Basic Research in a Multipolar World

Kevin Drum writes about the role of government in fostering basic research:

It was the private sector that turned these inventions into multi-billion dollar businesses, but it was government that provided either the basic research, the initial market, or both. Acknowledging this isn’t an endorsement of socialism or tyranny or government run amok. It’s an acknowledgment of the reality of progress in the modern era. Obama was right to focus our attention on education, technology, and infrastructure in his State of the Union address, because that’s the seed corn that will provide long-term productivity growth for America and the world. But with apologies to Bill Clinton, if we’re really serious about out-innovating, out-educating, and out-building, this means accepting that the era of big government is far from over. When it comes to basic R&D and the infrastructure to exploit it, it’s only just just begun.

I’m kind of pessimistic about this. Basic science and R&D are risky long-term investments with substantial positive externalities. Consequently the private sector funds them at a sub-optimal rate, and the government can do a lot of good by ponying up the cash even if the research goals (“beat Russians to the Moon!”) are politicized, arbitrary, or even pointless. But for all the same reasons of externalities and spillovers that lead private firms to under-invest in basic research also apply to most governments. After all, they use the same technology in Canada as we have in the United States and the Bahamas didn’t get to be so much richer than China by having better science.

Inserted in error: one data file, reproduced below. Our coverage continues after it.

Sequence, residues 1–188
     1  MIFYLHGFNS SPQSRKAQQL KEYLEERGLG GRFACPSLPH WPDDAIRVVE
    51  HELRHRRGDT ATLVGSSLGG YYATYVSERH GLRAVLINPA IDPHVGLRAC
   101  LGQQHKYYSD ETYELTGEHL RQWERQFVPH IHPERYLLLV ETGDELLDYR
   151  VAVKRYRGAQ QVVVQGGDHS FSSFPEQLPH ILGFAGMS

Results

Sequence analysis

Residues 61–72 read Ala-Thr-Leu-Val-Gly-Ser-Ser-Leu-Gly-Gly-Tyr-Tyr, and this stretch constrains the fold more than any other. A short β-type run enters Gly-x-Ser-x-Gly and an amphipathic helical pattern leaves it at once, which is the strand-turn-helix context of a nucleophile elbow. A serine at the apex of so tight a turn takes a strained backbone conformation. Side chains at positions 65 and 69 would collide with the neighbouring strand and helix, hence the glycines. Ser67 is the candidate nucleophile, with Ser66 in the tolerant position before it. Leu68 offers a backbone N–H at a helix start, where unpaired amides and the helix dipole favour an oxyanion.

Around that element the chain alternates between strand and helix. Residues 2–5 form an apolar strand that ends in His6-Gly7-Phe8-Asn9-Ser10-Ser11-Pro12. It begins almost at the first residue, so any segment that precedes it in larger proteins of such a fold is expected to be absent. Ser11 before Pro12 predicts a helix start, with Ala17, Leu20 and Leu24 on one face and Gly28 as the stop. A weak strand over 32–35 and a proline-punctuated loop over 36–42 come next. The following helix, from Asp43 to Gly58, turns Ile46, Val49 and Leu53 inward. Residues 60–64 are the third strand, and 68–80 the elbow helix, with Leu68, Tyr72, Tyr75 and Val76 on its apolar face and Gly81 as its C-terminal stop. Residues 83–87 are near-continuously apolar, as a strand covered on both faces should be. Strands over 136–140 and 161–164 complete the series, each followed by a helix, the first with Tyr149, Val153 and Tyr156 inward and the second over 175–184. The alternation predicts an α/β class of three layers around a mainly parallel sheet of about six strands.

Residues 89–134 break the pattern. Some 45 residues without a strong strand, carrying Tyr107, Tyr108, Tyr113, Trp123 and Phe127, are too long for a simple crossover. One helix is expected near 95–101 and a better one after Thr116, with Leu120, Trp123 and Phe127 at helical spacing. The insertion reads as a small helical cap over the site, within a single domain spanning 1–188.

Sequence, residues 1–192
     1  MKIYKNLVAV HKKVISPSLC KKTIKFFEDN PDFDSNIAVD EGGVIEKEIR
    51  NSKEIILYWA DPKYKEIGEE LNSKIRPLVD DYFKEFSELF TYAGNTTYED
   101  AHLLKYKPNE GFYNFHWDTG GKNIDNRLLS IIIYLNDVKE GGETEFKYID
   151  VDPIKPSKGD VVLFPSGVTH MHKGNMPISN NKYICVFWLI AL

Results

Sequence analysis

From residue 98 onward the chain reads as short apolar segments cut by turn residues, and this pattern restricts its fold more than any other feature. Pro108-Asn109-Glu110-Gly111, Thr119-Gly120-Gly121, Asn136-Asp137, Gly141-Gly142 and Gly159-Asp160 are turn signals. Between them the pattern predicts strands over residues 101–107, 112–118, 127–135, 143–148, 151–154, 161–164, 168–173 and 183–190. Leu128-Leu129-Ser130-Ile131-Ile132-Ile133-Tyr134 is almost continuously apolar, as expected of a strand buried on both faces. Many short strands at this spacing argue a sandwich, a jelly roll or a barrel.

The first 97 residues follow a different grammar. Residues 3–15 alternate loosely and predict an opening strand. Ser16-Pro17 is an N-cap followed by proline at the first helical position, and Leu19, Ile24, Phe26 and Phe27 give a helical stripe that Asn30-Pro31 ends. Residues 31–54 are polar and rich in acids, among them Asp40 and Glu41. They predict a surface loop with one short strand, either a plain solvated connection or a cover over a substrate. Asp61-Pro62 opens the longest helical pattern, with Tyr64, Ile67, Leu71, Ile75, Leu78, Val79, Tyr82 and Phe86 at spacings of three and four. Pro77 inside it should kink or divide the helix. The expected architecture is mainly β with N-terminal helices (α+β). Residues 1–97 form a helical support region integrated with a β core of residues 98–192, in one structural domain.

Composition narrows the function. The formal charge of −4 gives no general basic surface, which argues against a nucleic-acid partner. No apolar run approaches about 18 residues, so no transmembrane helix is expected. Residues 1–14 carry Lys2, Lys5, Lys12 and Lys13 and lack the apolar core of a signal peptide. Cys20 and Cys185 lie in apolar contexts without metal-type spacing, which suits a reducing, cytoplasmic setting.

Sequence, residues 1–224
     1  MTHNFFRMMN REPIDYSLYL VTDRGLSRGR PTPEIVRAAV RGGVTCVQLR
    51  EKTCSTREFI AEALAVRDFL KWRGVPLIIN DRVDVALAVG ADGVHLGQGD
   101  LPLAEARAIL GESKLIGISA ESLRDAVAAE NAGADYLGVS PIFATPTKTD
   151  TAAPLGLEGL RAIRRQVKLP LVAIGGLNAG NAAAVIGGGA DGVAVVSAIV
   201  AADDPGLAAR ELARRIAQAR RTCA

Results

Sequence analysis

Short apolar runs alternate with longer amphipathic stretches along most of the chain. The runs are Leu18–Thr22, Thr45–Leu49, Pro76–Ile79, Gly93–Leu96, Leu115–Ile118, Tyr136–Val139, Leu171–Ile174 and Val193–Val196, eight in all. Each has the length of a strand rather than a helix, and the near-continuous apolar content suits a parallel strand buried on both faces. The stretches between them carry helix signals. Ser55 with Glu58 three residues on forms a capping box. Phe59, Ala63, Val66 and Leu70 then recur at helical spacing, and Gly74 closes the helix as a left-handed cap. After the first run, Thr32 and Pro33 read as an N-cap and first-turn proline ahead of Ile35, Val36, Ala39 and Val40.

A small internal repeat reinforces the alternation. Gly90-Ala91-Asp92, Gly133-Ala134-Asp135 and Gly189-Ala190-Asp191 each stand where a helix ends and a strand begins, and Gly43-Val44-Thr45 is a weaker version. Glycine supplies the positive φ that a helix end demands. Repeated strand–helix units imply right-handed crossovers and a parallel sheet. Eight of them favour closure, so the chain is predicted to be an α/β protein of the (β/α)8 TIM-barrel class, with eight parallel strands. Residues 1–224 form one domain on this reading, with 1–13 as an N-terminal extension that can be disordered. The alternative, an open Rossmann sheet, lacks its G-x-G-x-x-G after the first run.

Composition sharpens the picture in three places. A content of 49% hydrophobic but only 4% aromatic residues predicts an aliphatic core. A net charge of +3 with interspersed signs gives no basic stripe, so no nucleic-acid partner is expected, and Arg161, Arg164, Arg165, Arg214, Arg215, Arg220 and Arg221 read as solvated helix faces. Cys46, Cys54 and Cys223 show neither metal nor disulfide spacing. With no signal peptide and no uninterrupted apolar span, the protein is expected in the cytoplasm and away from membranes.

But for about 20-25 years after the end of World War II, the United States of America accounted for a gigantic share of world output. And if you restricted attention to the “free world,” our share was even bigger. So there wasn’t much possibility of free riding. What’s more, fostering catch-up growth in Japan and Western Europe was a key US foreign policy objective, so we were actually happy with free riding. The political economy of the near future looks a good deal different. The leading economies (US, EU, China) will each account for less than a third of total output, meaning most of the benefit of any basic research you fund will flow to foreigners. It’s a situation in which the best way to “win the future” may be to let someone else do the hard work.